According to Geldof, he was spurred into action to revive the song after he received a call from the UN to say that Ebola was “getting out of control”. But why would the UN send an SOS to charity rather than seek inter-governmental action? Yet Ebola is a public health issue to which no individual or private actor can make an effective contribution. The only way to combat this would be to have a well-resourced public health sector, well-trained health workers, good planning, logistics and coordination.
Yet, this is not the first time that the UN has overlooked the cooperation of states as the most effective means of tackling problems in Africa. Over the years, the UN has come under criticism, along with NGOs and IGOs for engaging in “philanthropic colonialism” in that these “new colonialists of Africa” see something that needs to be done, and they get to work – with or without the cooperation of states.
While this mode of operation can be good for the short term, it can be a blow to the authority of an already weak government. And it may do nothing to ensure that a state will be able to provide for its citizens in the future. Liberia is a case in point. That Liberia – a country with one of the largest concentration of private non-state actors and aid agencies in the world is experiencing this crisis, is an indicator of the inefficiency of charity in effectively combating the virus.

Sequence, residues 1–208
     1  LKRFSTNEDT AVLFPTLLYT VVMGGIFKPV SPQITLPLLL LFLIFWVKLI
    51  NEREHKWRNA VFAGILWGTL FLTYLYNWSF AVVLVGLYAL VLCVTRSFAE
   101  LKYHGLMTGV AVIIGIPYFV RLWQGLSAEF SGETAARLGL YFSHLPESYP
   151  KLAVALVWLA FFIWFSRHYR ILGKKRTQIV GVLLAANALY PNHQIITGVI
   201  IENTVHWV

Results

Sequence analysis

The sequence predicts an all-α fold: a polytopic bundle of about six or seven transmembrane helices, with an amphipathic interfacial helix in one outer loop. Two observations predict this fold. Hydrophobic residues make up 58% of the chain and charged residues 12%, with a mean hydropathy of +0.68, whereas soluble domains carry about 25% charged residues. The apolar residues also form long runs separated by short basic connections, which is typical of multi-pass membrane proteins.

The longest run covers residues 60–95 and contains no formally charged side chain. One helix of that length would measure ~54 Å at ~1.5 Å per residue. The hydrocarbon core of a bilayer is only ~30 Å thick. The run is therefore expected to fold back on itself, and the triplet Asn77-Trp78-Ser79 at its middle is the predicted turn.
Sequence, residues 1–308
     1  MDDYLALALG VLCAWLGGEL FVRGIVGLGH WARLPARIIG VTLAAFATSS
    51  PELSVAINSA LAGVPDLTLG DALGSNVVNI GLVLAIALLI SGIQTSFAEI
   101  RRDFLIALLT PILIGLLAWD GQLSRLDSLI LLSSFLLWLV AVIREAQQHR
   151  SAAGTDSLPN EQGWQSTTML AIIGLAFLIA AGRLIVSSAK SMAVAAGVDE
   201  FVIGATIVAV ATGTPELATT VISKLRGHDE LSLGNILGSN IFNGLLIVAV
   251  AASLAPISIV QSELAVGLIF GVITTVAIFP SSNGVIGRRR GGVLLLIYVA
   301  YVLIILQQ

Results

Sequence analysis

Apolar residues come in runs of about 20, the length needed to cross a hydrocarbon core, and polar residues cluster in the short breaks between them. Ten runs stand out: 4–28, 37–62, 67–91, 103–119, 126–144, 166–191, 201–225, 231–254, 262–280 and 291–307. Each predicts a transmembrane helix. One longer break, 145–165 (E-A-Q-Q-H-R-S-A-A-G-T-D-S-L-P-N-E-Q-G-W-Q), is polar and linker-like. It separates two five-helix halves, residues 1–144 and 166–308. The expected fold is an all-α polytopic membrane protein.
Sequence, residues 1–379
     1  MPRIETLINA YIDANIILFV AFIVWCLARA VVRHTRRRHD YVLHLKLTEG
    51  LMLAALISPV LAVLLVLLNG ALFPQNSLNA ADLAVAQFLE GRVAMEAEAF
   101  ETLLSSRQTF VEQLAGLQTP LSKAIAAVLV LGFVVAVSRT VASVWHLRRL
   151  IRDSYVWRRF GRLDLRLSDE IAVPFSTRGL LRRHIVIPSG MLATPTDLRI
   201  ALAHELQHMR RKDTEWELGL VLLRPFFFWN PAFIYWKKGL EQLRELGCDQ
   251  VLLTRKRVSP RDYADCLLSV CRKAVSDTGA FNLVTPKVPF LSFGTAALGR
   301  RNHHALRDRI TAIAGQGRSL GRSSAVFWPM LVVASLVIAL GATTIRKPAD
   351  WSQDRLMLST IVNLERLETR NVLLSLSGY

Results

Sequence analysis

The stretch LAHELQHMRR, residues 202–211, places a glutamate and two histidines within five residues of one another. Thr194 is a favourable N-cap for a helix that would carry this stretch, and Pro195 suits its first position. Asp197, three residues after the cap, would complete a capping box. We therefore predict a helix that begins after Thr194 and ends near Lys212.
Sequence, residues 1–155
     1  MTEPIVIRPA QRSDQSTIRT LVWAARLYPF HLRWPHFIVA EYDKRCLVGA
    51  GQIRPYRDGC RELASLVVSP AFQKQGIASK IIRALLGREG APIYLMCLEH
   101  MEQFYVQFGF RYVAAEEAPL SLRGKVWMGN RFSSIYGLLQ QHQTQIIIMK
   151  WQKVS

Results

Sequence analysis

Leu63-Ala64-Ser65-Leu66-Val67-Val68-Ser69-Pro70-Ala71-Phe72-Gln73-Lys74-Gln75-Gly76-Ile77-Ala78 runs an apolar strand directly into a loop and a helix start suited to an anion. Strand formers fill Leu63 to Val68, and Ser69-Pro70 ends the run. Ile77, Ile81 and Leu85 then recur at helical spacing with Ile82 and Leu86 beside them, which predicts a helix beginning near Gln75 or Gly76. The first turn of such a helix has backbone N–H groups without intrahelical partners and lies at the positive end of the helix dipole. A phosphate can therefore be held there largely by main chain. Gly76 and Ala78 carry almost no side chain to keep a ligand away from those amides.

The 19th century colonialists justified colonialism as being the antidote to the savage behaviors of those they colonized. This noble mission to save us from our “inferior” culture entailed the dehumanization of Africans through the perpetuation of negative stereotypes that still linger today. The policies put in place by the colonizers which led to economic exploitation, destruction of local heritage and the creation of a culture of dependency, were all touted as being essential to easing the White Man’s Burden. Today, it’s the bearers of aid, charity and philanthropy who are the new colonizers of Africa, nourishing and destroying the continent simultaneously.
Denial of African Agency
Since the Ebola crisis began, local healthcare workers in countries such as Nigeria, Senegal and DR Congo have managed to effectively deal with their outbreaks without much international help. Moreover, in countries such as Guinea, Liberia and Nigeria, transformative movements have been launched to deconstruct stigma and raise awareness about Ebola.
These are the people who are actually making a difference and “saving Africa”, yet who get no credit for their work. Rather than highlighting the Africans who are actually making a difference in this crisis, the western media has instead focused their coverage on hysteria-fuelled reportage on the disease.
Moreover, increasing celebrity activism and the celebritisation of global problems has meant that the people whose lives are affected are not listened to. Instead, it’s the celebrities who become experts: Clooney for Darfur, Bono for Poverty and now Geldof for Ebola.